Two Colorado Festivals Make Big Green Claims / by Jason

My inbox has been filling up recently with press releases about new festivals--it seems like there isn't a weekend this summer that doesn't have at least one major event, and many weekends have several competing. One thing all these festivals have in common (besides Sharon Jones and the Dap-Kings, who are making the rounds this year and are simply not to be missed) is the desire to be seen as green.

My most recent round of green-leaning festivals includes these two from Colorado. Up first is Monolith, a festival I wasn't very nice to last year for their "reforestation program," among other things. I said it then and I'll say it now: seven trees planted is not "reforestation." It's tree planting, and not that many trees, either. It's a nice gesture, but I think that the organizers spent more energy touting their reforestation program than they did actually planting the trees. But since I wrote that in the days before I had started interviewing festivals and doing on-site spot checks, I guess I'll give them another shot to be green this year. But I'll play Steven Colbert here: Monolith, I'm putting you on notice! You've got a solid lineup and a fantastic venue--you can really shine by turning Red Rocks green, and not just for your weekend but for all the future events held there. Don't let us down!

Switching from alt-rock to bluegrass, Planet Bluegrass is promoting itself as a big green player this year, too. Hopefully they will have more to offer than the offsets and waste reduction their website focuses on. Judging by the really in-depth coverage they give to those two issues, I'd guess that there is more going on behind the scenes. Planet Bluegrass looks like they're doing a good job of thinking through the issues, although it would be nice to see a bit more about their other efforts. If all they're doing is waste reduction and offsetting, I'd say they're just scratching the surface.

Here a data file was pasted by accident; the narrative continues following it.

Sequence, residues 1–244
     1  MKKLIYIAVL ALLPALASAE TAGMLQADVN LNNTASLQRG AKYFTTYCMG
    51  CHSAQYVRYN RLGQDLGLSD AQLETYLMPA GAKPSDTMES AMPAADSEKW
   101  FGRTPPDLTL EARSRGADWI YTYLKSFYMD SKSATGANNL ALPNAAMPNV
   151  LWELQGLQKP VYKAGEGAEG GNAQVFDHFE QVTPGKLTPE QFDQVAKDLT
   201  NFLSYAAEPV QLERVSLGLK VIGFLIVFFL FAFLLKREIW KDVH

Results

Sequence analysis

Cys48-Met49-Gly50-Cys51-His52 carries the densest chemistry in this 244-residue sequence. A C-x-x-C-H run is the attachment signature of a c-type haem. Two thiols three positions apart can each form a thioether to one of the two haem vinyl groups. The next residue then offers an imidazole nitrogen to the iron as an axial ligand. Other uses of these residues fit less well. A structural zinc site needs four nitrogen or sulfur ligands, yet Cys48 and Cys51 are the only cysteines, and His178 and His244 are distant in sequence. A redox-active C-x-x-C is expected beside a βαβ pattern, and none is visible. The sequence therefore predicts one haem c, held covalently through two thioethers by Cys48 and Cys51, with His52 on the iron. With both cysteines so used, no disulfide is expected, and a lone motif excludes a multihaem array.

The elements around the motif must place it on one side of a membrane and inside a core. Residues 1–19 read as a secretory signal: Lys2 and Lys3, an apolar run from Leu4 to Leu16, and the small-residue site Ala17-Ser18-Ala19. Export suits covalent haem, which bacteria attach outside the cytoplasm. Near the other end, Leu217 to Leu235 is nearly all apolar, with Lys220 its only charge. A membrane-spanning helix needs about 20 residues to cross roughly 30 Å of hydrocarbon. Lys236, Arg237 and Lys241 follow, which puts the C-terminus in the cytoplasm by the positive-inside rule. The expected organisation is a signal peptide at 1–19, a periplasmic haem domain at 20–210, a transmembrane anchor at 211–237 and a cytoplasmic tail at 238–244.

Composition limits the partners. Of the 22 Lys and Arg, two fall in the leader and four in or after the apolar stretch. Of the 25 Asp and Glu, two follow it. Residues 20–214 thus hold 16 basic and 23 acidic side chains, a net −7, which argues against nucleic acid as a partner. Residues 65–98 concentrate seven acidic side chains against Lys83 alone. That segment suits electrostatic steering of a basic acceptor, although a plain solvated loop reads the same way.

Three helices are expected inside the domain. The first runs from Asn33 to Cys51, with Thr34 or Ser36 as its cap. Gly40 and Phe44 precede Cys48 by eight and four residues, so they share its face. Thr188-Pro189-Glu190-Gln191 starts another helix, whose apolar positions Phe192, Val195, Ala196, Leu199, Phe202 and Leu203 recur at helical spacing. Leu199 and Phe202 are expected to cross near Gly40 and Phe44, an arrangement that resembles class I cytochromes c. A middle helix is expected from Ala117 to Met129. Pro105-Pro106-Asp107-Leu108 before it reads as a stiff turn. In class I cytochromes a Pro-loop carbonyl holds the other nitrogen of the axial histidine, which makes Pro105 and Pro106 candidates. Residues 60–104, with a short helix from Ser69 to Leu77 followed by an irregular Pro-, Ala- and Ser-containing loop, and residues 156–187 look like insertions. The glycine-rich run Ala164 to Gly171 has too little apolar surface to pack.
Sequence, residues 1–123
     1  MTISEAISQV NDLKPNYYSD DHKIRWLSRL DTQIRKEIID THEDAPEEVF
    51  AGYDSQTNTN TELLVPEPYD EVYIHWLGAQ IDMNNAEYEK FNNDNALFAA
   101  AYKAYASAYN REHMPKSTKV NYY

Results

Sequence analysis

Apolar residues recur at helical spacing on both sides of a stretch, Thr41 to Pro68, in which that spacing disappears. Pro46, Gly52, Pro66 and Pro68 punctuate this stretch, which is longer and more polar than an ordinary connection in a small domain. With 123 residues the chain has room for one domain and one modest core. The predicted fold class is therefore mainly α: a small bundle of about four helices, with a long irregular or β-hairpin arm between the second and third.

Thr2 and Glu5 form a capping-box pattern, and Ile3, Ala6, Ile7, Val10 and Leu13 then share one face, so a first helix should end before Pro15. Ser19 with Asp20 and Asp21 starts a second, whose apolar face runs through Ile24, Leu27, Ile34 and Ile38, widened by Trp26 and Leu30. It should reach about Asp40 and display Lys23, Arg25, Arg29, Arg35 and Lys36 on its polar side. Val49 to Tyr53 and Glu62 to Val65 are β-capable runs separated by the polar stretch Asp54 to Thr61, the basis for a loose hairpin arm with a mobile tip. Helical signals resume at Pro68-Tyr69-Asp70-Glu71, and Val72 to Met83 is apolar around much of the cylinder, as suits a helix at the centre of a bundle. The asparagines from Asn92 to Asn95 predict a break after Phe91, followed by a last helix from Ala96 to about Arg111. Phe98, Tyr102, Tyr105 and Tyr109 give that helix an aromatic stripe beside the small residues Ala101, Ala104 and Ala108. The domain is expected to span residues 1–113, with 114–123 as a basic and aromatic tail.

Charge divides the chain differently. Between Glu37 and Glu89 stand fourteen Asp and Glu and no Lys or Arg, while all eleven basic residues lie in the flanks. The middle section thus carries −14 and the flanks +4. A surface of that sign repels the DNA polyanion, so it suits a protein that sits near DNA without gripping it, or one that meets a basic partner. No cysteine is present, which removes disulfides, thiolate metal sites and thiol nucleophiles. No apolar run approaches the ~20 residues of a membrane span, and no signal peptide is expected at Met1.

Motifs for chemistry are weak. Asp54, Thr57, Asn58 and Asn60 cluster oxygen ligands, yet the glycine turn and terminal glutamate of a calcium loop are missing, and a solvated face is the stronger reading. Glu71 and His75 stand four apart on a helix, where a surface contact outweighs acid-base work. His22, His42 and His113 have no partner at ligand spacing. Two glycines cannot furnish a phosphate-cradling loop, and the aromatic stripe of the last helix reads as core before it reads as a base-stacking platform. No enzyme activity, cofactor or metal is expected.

The Planet Bluegrass site has a great overview of the difficulties that arise from trying to go green with something as seemingly innocuous as a beer cup. The cup thing is probably one of the biggest struggles for all green festival promoters and they do a good job explaining why it's so hard. The site also has a good description of the concept of offsets and shows their progress over the last few years to where they are now, which includes offsetting all of their fans' travel. I'm still not a fan of offsets, but it appears they're here to stay and it's more than a token gesture to spend that kind of money on offsets.

Anyway, those of you lucky enough to be high in the Rocky Mountains, enjoy your green festivals this year. Here's some Sharon Jones to take it home.